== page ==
FIG. 13 is a flow chart for illustrating an operation procedure performed by a virtual input receiving module (400);
FIGS. 14A and 14B are flow charts for illustrating an operation procedure performed by a virtual input analyzing module (500);
FIG. 15 is a flow chart for illustrating an input/output processing procedure performed by an interlocution object program (120);
FIG. 16 is a flow chart for illustrating a processing flow in a pointing object (PO) operation module (600);
FIG. 17 is a flow chart for illustrating an operation procedure performed by a pointing object (PO) redisplay module (700);
FIG. 18 is a diagram for illustrating data formats used by the interlocution control program (100);
FIG. 19 is a diagram for illustrating an interlocution management table for managing the interlocution states and used for controlling the interlocution;
FIG. 20 is a diagram for illustrating a pointing object management table used for operating the pointing objects;
FIG. 21 is a flow chart for illustrating a processing for creating the pointing object;
FIG. 22 is a flow chart for illustrating a processing for deleting the pointing object;
FIGS. 23A to 23E are diagrams for illustrating manners of processing for preparation and transfer of a data interchange file;
FIG. 24 is a flow chart for illustrating the processing for generating authentication data;
FIG. 25 is a flow chart for illustrating an operation procedure performed by an authentication module (800);
FIG. 26 is a flow chart for illustrating a processing for confirming correctness of the authentication data;
FIG. 27 is a flow chart for illustrating processings for comparison and for restoring the identity upon detection of a difference as performed in a master work station; and
FIG. 28 is a flow chart for illustrating the operation performed by the interlocution control program of a partner work station for restoring the content of the interlocution object.
In the following, an electronic interlocution system according to the present invention will be described in conjunction with an exemplary or preferred embodiment thereof by reference to the accompanying drawings. The electronic interlocution system is intended to back up both acoustically and visually with the aid of a data processor (computer) the interlocution between distantly located subscribers which has heretofore been carried out by making use only of telephone equipment.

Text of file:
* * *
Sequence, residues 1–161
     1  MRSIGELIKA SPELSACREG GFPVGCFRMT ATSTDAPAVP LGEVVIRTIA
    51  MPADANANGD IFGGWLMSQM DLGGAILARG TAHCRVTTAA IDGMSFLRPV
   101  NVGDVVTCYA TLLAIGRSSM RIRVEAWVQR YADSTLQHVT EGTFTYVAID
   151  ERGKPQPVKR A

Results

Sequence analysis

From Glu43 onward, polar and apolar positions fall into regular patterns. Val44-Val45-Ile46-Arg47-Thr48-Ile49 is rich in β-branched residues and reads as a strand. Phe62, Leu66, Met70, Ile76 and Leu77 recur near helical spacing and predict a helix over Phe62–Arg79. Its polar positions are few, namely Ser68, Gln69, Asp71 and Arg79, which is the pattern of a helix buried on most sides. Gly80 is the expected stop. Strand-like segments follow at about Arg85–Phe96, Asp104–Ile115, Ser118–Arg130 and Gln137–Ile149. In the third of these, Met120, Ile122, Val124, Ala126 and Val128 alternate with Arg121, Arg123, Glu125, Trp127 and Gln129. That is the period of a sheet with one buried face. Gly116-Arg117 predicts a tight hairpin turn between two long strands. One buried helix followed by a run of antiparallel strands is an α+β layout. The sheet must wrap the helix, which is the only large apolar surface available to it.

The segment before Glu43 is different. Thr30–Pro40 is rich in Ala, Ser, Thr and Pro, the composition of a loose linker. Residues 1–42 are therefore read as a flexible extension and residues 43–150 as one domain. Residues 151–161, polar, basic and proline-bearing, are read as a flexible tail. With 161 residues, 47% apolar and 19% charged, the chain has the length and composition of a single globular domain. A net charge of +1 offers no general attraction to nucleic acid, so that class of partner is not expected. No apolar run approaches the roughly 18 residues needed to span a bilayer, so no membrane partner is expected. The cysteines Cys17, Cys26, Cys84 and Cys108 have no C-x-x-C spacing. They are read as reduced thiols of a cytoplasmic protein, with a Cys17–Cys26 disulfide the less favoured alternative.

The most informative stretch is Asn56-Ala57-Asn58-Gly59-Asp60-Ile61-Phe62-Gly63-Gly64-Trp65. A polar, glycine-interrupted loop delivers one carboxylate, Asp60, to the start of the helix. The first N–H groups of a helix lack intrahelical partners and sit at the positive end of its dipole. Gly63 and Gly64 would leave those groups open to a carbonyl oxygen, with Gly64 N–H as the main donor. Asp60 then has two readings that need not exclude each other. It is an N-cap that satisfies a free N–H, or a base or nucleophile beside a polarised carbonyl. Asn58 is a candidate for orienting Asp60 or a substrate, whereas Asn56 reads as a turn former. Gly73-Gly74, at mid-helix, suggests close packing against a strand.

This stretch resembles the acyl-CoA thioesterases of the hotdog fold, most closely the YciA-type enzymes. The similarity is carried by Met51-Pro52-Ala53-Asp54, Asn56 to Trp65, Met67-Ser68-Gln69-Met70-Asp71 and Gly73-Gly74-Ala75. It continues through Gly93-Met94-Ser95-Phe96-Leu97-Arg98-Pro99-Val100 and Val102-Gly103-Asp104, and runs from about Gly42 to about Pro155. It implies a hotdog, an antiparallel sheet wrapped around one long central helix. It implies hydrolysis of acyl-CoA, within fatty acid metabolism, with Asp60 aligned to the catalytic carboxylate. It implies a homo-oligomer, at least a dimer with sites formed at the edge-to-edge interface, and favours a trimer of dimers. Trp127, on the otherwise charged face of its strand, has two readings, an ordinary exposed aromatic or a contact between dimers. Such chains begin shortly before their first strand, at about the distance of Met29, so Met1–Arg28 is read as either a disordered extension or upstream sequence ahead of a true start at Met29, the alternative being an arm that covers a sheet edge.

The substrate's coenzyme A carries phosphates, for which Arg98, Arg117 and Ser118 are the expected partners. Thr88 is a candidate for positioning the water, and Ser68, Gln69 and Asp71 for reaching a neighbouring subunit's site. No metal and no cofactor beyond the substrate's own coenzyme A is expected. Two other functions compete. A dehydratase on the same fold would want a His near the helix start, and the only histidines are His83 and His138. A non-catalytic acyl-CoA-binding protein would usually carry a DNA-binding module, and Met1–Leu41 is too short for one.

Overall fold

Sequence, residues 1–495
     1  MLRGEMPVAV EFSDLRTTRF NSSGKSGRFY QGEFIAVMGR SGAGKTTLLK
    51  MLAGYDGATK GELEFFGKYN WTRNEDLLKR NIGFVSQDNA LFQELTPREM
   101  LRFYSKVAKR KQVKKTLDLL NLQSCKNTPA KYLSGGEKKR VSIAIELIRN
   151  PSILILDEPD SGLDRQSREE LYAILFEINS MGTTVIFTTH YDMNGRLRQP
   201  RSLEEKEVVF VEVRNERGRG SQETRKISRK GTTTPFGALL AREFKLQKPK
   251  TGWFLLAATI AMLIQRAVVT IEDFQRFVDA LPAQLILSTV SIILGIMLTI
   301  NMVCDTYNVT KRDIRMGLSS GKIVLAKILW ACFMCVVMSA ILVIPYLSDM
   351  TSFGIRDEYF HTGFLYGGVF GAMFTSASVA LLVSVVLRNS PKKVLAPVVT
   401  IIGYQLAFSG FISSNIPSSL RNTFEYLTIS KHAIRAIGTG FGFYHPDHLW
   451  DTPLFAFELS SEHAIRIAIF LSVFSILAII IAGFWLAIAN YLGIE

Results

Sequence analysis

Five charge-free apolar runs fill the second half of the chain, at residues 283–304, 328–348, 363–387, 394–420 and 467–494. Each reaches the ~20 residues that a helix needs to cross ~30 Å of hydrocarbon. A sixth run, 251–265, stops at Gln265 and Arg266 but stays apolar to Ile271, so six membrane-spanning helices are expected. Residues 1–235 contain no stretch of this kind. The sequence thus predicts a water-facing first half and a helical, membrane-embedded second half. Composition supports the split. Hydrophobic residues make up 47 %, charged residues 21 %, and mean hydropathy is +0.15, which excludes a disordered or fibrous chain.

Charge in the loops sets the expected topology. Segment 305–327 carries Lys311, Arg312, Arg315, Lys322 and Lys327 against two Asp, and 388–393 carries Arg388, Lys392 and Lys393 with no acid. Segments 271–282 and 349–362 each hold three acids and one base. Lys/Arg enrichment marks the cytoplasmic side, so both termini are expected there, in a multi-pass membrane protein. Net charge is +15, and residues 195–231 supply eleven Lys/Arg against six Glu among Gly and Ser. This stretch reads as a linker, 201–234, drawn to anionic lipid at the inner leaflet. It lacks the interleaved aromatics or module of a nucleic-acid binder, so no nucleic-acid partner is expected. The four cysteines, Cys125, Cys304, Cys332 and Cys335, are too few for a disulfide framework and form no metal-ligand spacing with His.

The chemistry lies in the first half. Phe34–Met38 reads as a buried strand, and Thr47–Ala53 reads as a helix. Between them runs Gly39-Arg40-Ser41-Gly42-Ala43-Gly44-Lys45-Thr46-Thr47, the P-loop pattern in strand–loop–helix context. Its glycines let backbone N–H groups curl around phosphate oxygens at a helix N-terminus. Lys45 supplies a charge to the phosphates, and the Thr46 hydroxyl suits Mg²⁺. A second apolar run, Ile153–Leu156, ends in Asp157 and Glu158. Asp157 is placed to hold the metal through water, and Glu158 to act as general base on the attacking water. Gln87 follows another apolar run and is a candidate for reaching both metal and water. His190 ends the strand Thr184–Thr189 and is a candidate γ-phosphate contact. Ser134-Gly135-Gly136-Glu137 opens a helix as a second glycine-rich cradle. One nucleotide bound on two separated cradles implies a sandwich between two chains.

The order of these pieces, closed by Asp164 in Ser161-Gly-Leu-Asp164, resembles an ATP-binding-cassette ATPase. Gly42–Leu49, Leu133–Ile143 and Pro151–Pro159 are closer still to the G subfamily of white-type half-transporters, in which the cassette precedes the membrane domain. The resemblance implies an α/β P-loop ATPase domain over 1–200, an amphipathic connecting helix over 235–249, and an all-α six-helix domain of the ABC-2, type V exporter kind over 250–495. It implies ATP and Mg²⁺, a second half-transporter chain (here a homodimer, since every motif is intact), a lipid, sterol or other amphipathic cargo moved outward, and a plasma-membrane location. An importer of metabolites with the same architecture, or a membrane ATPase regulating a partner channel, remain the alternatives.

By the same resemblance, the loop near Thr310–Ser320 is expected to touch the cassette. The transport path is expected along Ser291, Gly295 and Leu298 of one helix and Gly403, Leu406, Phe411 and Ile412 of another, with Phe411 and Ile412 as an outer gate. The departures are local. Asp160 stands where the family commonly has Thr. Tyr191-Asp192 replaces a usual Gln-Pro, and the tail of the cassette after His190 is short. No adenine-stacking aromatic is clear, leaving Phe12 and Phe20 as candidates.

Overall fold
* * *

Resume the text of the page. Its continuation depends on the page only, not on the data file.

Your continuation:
FIG. 1 is a schematic pictorial view showing of an electronic interlocution apparatus or work station with which the present invention is concerned. The illustrated electronic interlocution apparatus generally comprises a main body of a data processor 1, a display 2, a keyboard 3, a pointing device 4 and a telephone set 5. The keyboard 3 is mainly used for inputting characters and numerals, while the pointing device 4 serves as the means for designating positions of concern on the display and/or specifying an item or items to be selected from a menu containing a number of alternative items. The telephone set 5 presents the input/output means for acoustic communication between users or interlocutors. These component devices are, by way of example, so consolidated that the names of partners for communication are displayed on the display screen 2 to thereby allow the name of the desired partner to be selected by means of the pointing device 4 so that the user can call on the telephone without being conscious of the telephone number. The data processor serves to send out a synthesized voice through the telephone system or store the incoming voice information so that it can be utilized later on. In an electronic interlocution system according to the present invention, there are used a plurality of the work stations which can perform interlocution by utilizing or operating the visual information generated on the display 2 by means of the keyboard 3 and/or the pointing device 4 in addition to the voice information available through the telephone sets. Further, by processing the information mentioned above by the data processor 1, the information processing activities which are impossible only with voice information can also be performed. The electronic interlocution apparatus can be utilized independently and individually as a conventional terminal computer, such as the work station, wherein it is possible to perform electronic interlocution with a plurality of other work stations when the work station is being independently used or reversely to perform the work of the work station separately and individually during the electronic interlocution.